Seven ornamental fish farmers in August Town, St. Andrew, were today (September 8), presented with farm systems to start their businesses.
Ornamental fish farmers, Rowe Archibald (right) and Rohan Miles (centre) converse with Regional Manager, Hardware and Lumber, Dean Clarke during the handing over of ornamental fish systems to residents of August Town at the home of one of the recipients in Kingston on Wednesday (September 8).
Each system was installed using bath tubs donated by GraceKennedy, through Hardware and Lumber. Over 300 tubs were donated for the initiative.
The goal of the project is to create wealth for people in inner-city communities of Kingston and St. Andrew, by promoting economic opportunities through ornamental fish farming and actively develop the sector to become more competitive.
Speaking at the handing over ceremony at the Haven of Hope Open Bible Church in August Town, Project Manager for the Urban Value Chain Initiative at the Competitiveness Company, Mr. Nicardo Neil, said the donation would benefit several farmers in communities across the Corporate Area.
“In total, there are 26 persons who receive the donation of bath tubs. Each person got 12, which is equivalent to six vats, which is the usual container used for fish farming. They also got piping and fixtures to set it up,” he said, noting that the participants’ contribution include attending training, buying the pumps, and participating in the installation of the farms.
Research Fellow, Institute of Criminal Justice and Security, University of the West Indies, Horace Levy, addressing the handing over ceremony of ornamental fish systems to residents of August Town, at the Haven of Hope Open Bible Church, Kingston on Wednesday (September 8).
He informed that the total cost of setting up the system, without the pumps, was $40,000 per farmer, adding that the pump would cost $35,000.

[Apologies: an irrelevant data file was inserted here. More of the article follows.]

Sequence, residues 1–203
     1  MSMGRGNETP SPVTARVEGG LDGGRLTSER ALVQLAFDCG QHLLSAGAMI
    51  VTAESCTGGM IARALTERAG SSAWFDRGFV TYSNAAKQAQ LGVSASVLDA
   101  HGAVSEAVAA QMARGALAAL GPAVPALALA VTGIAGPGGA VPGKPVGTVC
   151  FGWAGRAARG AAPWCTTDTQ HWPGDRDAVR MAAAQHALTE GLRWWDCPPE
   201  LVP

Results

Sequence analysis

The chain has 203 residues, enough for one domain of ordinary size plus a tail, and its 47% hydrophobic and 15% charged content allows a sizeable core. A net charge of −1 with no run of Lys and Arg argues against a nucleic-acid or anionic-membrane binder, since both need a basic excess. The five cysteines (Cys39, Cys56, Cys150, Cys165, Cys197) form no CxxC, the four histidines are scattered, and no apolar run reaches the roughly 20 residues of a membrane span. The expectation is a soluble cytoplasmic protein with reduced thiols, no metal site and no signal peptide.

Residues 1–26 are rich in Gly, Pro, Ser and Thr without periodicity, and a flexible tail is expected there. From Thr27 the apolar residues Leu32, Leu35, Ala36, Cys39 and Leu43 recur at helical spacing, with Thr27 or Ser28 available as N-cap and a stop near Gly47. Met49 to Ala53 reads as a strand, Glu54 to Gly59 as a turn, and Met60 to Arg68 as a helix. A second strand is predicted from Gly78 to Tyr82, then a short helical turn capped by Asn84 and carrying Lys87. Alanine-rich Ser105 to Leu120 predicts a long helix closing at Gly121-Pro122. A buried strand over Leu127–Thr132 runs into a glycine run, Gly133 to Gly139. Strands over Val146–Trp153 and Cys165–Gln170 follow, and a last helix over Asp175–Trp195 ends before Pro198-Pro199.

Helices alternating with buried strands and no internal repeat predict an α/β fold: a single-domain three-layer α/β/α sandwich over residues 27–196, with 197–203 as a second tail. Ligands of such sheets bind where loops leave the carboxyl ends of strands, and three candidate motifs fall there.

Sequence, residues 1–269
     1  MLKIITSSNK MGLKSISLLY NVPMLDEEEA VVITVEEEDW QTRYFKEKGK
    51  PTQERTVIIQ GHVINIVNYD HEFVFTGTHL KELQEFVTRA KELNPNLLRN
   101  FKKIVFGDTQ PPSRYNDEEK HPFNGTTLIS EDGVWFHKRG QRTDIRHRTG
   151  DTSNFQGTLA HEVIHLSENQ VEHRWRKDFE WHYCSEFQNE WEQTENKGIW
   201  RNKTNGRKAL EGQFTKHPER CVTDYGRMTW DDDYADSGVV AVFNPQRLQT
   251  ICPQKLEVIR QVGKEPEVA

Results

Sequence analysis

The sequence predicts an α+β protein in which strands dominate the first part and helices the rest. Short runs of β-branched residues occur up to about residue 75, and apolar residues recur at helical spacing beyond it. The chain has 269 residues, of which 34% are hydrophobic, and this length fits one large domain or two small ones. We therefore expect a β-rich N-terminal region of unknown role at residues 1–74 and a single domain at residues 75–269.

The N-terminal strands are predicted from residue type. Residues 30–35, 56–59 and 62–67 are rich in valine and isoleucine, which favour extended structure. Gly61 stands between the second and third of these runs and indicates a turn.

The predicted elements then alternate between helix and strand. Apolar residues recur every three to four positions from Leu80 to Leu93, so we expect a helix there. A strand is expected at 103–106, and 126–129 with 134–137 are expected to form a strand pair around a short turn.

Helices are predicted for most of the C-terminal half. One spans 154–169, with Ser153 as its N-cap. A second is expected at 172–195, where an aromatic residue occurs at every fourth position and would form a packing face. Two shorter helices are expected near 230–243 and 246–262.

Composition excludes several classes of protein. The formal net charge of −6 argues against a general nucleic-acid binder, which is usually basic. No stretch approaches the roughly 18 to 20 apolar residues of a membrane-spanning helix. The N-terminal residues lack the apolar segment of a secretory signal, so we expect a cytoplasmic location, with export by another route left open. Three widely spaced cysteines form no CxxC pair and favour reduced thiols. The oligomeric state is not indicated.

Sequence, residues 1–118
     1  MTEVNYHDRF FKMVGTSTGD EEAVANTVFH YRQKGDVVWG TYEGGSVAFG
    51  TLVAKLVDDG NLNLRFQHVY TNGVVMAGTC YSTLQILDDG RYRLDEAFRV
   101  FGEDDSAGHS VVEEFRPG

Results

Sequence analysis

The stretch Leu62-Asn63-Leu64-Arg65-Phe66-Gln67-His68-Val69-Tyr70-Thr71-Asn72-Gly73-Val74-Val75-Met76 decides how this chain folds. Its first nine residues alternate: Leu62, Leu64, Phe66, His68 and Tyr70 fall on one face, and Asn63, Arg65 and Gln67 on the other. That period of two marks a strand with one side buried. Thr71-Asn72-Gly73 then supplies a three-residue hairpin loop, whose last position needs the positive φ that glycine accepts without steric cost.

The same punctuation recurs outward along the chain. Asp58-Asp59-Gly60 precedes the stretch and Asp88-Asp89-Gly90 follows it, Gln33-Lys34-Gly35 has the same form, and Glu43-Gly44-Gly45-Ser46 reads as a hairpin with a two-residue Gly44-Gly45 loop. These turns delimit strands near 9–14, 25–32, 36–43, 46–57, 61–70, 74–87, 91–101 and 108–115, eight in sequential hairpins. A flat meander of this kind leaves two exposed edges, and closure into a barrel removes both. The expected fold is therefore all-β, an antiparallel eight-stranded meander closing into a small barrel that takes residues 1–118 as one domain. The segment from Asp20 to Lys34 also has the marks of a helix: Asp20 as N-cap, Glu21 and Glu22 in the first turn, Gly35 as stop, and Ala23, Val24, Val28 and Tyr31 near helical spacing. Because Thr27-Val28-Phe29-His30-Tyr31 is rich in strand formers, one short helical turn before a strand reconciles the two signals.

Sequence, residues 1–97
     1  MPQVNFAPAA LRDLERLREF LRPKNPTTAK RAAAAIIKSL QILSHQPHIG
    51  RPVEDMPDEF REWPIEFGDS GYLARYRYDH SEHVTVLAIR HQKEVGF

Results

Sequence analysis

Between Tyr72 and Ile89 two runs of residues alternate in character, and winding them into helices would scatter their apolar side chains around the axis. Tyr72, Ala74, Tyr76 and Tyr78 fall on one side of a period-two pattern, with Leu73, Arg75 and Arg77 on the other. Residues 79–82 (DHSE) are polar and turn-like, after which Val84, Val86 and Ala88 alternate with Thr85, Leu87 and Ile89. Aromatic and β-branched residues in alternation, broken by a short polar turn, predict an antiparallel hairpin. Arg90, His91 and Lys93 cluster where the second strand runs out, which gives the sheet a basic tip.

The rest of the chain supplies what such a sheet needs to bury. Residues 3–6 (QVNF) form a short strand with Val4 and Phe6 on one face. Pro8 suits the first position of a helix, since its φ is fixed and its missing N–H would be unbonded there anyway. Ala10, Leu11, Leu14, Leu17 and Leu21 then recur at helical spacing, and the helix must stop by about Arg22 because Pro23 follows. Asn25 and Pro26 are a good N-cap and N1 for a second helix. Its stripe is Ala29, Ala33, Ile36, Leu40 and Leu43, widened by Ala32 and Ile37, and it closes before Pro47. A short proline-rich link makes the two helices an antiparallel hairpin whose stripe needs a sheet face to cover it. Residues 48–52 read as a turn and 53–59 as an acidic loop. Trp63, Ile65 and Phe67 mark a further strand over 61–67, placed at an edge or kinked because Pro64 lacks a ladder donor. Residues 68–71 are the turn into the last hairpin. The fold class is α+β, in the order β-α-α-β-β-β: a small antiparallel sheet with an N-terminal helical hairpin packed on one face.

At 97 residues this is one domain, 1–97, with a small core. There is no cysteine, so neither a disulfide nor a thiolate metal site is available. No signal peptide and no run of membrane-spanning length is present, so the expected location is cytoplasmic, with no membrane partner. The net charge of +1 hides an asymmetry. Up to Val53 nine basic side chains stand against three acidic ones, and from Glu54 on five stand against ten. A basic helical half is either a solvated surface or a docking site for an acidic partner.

Research Fellow, Institute of Criminal Justice and Security, University of the West Indies, Mr. Horace Levy said that initiatives such as these, which promote the creation of job opportunities, “are tremendous.”
“We have to create the work that we need for ourselves. We have to be creative and set up our own businesses and we have to take initiatives and do for ourselves what the business people and production units, which exist already, cannot do for us right now. Things are slowing down and if we want to live, we have to create the means,” he said.
An ornamental fish farmer, Kenneth Wilson, said that the system seeks to provide sustainable means of employment solutions within the community.
Project Manager for the Urban Value Chain Initiative at the Competitiveness Company, Nicardo Neil, speaking with JIS News during the handing over ceremony of ornamental fish systems to residents of August Town at the Haven of Hope Open Bible Church, Kingston, on Wednesday (September 8).
“It is our responsibility, here in August Town, to ensure that this dream bear fruits. We will endeavour to grow this project.to ensure that at the end of the day, the sort of prosperity that we seek will materialise,” he said, thanking all the stakeholders for their contribution.
Participants in the August Town community who completed training by the Ministry of Agriculture, received ornamental fish systems, technical advice and piping, while providing labour and financing to purchase the water pump.
The project forms part of the ‘Building a Bridge’ project, which is a wealth creation initiative being implemented by the Jamaica Exporters’ Association, the Competitiveness Company and the Area Youth Foundation.
The overall objective of the project is to develop and catalyse a sustainable, export driven ornamental fish farming sector in Jamaica, that links urban farmers in at-risk communities to a global market, through an effective value chain.
Other communities which will participate in the imitative include Duhaney Park, Grants Pen and Parade Gardens in the Corporate Area.